(c)   ! any-1 matters relating to- the making of any grant of financial assistance by the Parliament to. any State in pursuance of that section, which are referred to the Commission by the GovernorGeneral (section- 9).

I' should very much like to see the commission undertake the review that I have sug-gested. Honorable members may suggest another body to carry out the task. I do not say that the Commonwealth Grants Commission is; the only- body that can do it,, but it has had wide experience in investigating the finances of Western Australia, South Australia and Tasmania over a long period of years, ft is in close touch with State budgets and State finances, because it compares what is happening, in the way of State taxation, in the claimant States with what is happening in the same fields in Queensland'. New South Wales and Victoria. These States are not yet claimant States, although I frankly told the Victorian Government, " If you feel that you are not getting a fair deal from the Commonwealth, it is no use waiting for an alteration in the uniform, tax. provisions,- and it is no use thinking, that there wilh be an alteration of the formula. My advice is to take your case to the' grants- commission, which is the only independent body capable of deciding whether you are getting a fair deal at present or not ".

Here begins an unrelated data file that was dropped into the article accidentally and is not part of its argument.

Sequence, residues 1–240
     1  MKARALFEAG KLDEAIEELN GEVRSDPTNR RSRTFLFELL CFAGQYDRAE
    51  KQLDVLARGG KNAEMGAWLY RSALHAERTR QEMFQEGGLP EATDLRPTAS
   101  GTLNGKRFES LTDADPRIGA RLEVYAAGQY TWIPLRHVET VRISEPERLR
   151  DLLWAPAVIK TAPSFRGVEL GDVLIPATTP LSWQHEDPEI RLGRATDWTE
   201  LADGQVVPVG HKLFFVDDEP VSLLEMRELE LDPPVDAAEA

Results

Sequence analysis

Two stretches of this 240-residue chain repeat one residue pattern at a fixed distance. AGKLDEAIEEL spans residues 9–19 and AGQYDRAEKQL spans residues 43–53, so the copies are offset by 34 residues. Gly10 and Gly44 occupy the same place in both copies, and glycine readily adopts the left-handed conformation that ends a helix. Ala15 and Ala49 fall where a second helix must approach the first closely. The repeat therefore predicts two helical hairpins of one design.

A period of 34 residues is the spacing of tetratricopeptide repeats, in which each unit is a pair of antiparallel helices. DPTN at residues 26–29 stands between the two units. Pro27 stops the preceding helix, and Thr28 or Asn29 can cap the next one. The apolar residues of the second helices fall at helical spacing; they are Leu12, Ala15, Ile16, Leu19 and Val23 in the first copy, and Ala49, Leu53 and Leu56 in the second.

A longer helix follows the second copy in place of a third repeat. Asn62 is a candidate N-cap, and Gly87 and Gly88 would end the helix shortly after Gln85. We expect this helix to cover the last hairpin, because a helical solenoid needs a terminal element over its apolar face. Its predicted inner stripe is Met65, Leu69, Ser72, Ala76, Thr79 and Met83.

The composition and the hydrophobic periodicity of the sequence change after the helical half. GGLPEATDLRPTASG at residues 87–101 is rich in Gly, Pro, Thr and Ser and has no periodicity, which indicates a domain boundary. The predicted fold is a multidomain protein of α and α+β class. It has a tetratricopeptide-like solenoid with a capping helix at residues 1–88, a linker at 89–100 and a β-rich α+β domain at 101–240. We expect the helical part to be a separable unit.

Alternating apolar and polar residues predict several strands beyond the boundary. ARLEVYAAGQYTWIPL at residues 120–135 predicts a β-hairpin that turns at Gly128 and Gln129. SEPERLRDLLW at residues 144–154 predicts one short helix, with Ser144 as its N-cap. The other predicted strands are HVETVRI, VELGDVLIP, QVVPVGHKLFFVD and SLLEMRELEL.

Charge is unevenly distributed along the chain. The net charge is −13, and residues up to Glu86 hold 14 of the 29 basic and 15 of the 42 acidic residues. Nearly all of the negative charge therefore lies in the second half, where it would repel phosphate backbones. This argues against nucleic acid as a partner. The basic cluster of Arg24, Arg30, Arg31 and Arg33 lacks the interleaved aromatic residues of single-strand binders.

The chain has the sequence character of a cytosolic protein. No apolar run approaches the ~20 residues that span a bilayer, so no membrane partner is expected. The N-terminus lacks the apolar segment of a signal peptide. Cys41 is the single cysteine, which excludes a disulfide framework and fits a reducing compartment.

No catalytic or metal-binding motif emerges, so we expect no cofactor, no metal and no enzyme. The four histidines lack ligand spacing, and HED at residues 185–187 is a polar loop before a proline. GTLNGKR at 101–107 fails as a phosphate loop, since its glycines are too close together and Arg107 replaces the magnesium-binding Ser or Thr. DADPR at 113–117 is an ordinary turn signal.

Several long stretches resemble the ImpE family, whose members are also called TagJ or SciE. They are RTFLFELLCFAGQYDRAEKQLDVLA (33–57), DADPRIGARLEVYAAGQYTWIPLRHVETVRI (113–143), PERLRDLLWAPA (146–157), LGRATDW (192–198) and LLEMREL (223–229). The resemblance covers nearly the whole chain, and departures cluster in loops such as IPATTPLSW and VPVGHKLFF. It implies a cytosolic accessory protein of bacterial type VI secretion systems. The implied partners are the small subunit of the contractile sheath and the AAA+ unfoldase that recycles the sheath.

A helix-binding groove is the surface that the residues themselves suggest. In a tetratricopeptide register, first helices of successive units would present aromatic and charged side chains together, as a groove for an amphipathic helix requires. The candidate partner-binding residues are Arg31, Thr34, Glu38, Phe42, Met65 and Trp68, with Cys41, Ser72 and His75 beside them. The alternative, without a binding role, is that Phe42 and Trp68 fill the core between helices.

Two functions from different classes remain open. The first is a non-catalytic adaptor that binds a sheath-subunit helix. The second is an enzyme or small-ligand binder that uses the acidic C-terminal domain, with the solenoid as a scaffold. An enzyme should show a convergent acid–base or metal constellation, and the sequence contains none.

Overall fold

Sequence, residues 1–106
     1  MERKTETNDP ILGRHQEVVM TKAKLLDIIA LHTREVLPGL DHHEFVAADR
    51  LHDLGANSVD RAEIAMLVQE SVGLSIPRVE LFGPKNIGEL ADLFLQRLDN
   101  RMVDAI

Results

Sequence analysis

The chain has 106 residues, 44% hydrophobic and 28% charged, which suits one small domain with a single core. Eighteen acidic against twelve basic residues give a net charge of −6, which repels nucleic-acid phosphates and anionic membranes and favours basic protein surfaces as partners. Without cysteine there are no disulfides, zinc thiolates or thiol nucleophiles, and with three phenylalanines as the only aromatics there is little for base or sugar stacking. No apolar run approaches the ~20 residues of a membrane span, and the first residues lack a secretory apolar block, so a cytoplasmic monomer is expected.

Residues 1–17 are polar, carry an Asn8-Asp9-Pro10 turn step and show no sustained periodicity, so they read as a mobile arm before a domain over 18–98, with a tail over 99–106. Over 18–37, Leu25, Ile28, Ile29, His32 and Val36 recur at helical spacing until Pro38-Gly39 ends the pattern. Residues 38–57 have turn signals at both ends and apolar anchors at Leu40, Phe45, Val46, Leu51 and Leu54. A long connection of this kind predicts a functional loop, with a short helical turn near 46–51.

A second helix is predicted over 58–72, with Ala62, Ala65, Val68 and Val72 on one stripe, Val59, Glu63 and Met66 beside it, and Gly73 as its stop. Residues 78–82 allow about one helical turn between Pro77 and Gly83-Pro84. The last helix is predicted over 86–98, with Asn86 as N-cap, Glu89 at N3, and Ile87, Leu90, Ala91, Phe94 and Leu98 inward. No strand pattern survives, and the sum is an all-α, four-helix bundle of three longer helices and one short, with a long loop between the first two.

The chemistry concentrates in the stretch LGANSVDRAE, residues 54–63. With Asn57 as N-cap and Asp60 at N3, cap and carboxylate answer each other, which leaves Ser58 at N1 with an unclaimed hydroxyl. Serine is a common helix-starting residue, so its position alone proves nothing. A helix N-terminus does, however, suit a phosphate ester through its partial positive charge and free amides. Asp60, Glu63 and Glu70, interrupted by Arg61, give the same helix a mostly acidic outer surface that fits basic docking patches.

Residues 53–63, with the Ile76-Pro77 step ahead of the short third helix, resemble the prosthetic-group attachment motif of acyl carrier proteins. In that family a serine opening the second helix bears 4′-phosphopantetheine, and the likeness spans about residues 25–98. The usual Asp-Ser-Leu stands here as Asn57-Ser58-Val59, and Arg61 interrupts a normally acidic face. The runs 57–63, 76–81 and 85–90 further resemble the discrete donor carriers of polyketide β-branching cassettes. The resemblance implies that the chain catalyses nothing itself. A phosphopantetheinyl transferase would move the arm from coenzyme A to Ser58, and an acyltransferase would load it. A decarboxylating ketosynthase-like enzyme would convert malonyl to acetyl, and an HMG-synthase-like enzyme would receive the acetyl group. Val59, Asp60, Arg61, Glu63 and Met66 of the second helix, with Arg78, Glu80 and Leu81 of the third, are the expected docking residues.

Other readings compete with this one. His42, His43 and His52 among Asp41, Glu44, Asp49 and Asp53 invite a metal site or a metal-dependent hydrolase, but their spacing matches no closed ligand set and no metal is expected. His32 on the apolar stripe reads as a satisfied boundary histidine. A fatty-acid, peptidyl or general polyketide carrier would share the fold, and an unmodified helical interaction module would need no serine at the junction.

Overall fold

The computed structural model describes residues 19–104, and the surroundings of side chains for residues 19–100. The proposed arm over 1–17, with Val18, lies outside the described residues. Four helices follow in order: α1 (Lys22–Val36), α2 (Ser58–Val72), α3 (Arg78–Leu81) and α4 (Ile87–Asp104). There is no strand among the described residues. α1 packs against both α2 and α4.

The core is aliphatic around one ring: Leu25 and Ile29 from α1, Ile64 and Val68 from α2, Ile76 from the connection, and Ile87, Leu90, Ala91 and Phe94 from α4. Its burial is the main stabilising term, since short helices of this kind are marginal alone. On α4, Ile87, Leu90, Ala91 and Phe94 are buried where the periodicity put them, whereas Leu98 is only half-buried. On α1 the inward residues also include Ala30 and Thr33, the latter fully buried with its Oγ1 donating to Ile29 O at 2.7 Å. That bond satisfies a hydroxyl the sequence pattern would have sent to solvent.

Sitting, suspended from 6 to- 8 p.m.


Sir WILFRID KENT HUGHES - Mr. Speaker,,before the sitting was suspended for. dinner, I was appealing to honorable members of. this- House- to take a greater, interest in the Commonwealth-State financial relations. Not many honorable members have had the benefit of even a short period' of service in State parliaments and, as a result, I think there is a general tendency on the part of federal members - as shown by the honorable member for Went' worth (Mr; Bury) in his question earlier to-day - to fail to appreciate the difficulties in which the States become involved' under the existing Commonwealth-State financial arrangements.